Humboldt State University ® Department of Chemistry

Richard A. Paselk

Chem 107

Fundamentals of Chemistry

Fall 2009

Lecture Notes: 29 October

© R. Paselk 2005
 
     
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Gases & Gas Laws, cont.

LN Demos

Continuing our exploration of gas laws, let's try some more examples:

Example: A student ignores the warning labels and throws an empty (no liquid left, no spray) can of hair spray into his campfire. Assuming an ambient temperature of 25 °C and atmospheric pressure of 7.20 x 102mmHg, and a temperature in the coals of 600 °C, find the pressure in the can in the fire, assuming it doesn't burst or expand.

Example: One of the student's colleagues on this ill fated trip tossed an "empty" 0.500 L propane cylinder into the fire. Unfortunately, 3.50 g of propane remained in the cylinder. What pressure would be reached in the cylinder assuming no deformation and no bursting at 550 °C (assume 3 sig figs for the temp.).

Now we can expand our view of gas behavior with two additional observations, both consistant with our picture of gas behavior.

Equal volumes of different gases at the same temperature (T) and pressure (P) have the same number of particles (same number of moles).

Example: 2.40 L of ethene gas (C2H4) is combined with 7.35 L of oxygen and ignited. If all volumes of reactants and products are measured at the same temperature and pressure (above 100 °C - so water is a vapor), calculate the volume of each substance after the reaction is complete.

The pressure of a gas is independent of the presence of other gases.

One of the most common applications of Dalton's Law of Partial Pressures is the determination of gas pressures above water. We will see in lab that the vapor pressure (gas pressure) of water is fixed by the temperature, and that there will always be a contribution to the total pressure by water when it is present.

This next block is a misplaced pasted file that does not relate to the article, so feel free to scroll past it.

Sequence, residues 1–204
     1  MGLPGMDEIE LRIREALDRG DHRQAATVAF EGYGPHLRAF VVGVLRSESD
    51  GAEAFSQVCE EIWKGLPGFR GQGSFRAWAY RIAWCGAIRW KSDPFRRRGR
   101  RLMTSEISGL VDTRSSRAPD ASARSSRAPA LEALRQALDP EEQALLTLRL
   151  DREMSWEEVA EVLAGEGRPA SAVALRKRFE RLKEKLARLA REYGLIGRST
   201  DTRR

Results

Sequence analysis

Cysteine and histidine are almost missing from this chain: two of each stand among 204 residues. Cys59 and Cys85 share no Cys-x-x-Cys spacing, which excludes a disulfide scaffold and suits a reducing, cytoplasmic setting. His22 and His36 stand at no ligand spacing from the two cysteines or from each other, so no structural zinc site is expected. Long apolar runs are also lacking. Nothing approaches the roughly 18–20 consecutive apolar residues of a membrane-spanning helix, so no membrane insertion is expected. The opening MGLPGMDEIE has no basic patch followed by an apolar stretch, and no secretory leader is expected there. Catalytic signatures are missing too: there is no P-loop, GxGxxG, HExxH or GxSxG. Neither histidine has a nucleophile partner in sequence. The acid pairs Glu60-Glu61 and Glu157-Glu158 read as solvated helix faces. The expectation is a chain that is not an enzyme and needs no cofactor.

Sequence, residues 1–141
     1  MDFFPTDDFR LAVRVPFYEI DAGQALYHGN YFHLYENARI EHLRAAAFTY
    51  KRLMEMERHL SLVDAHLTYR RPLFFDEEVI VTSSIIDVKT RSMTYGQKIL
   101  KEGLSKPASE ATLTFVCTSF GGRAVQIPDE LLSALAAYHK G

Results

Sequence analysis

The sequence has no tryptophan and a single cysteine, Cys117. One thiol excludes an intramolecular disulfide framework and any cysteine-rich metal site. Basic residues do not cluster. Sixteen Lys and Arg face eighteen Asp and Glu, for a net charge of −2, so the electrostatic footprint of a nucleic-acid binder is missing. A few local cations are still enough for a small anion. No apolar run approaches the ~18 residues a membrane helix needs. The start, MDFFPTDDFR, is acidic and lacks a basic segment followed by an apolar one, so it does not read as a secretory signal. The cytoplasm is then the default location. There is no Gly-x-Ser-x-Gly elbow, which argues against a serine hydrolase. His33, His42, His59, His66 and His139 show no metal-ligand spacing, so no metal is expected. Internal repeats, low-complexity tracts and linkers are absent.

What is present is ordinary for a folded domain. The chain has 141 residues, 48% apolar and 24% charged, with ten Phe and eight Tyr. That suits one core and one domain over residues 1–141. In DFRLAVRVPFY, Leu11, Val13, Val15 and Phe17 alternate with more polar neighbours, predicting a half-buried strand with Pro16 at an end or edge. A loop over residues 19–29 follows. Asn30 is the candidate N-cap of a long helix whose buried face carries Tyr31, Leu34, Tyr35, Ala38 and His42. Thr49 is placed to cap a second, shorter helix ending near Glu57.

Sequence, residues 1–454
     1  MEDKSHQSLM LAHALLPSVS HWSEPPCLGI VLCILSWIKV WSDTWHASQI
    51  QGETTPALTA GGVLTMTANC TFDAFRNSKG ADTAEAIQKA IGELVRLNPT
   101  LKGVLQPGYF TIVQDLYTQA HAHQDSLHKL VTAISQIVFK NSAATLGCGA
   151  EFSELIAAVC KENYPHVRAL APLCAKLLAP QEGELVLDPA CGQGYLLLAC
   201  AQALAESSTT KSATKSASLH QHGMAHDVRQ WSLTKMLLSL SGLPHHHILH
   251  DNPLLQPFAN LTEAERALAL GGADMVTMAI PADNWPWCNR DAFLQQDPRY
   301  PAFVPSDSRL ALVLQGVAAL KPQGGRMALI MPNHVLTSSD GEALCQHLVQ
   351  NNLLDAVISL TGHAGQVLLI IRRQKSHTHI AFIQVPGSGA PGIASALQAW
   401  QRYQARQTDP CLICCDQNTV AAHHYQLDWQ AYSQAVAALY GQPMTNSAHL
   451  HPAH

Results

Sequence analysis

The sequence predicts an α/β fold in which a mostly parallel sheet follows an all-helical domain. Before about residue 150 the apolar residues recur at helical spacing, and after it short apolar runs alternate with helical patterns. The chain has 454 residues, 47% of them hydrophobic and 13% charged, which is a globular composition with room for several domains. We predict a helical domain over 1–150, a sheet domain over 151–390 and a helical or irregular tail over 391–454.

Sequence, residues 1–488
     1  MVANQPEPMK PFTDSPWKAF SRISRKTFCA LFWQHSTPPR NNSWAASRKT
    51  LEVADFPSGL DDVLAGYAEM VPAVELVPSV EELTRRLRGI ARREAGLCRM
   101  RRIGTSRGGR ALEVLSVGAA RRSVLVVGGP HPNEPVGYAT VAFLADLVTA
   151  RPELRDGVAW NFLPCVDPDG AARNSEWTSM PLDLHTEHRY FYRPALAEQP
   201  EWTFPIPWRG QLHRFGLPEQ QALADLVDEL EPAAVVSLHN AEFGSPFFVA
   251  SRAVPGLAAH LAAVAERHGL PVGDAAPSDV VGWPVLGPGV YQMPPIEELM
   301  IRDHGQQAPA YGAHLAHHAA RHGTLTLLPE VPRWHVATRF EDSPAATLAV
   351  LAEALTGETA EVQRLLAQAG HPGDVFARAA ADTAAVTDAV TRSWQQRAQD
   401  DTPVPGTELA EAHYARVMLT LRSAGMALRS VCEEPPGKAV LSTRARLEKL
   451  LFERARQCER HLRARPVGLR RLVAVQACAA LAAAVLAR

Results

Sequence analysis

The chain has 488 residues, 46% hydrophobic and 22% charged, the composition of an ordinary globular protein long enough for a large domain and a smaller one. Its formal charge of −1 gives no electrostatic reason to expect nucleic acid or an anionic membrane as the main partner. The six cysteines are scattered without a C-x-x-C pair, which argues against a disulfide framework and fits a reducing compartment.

Example: 50.0mL of oxygen is collected over water from a specimen of Anacris water weed illuminated by controlled lighting. If the temperature is 20.0°C and the pressure of the collected gas is 760.5 mmHg how many moles of oxygen were collected? (the vapor pressure of water = 17.5 mmHg at 20.0°C).

Kinetic Molecular Theory of Gases

We have been looking at the various properties of gases, now we want to look at a theory to explain those behaviors. A simple model is the kinetic-molecular theory. There are four basic postulates:

  1. A gas is composed of a large number of tiny particles (molecules, or atoms for the inert gases). These particles are so small that the sum of the particles volumes is negligible compared to the volume of their container - most of the container volume is empty space.
  2. The particles of a gas are in rapid, linear motion. They make frequent collisions with each other and the walls of any vessel containing them. All collisions between gas particles and between gas particles and container walls are elastic. (There is no net loss of kinetic energy in collision - energy can be exchanged between particles, but the total stays the same.)
  3. Except when they are colliding, the particles are completely independent of each other. That is, there are no forces of attraction or of repulsion between them.
  4. The particle in a gas have a wide range of velocities: some may be nearly still, while others move at great speed. Thus there is a wide range of kinetic energies in any gas. However, the average kinetic energy for any gas is the same at a given temperature. The average kinetic energy for the particles in a gas is proportional to the absolute temperature of the gas. (KE = 3/2 RT, R is still the Gas constant, but different units.)

Consequences/predictions for each postulate:

  1. Gases are easy to compress - expected if there is lots of empty space between them.
  2. This explains why gases rapidly fill their containers. We also note that they don't condense out as a liquid or solid if they are left in an insulated container (they don't lose energy as they collide with walls.) Brownian motion is also a consequence of their rapid movement.
  3. Three is a bit more subtle, and we won't worry about it.
  4. From this postulate we expect a distribution of velocities, as seen in the diagram below.

plot of % particles vs. temperature

Note that for kinetic energy, KE = 1/2 mv2, so v (velocity) varies as the square root of the mass (m1/2). Notice also that the energy increases with the square of the velocity. (This is why an accident at 60 mph is much worse that one at 30 mph - four times as much energy is involved!).


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Last modified 29 October 2009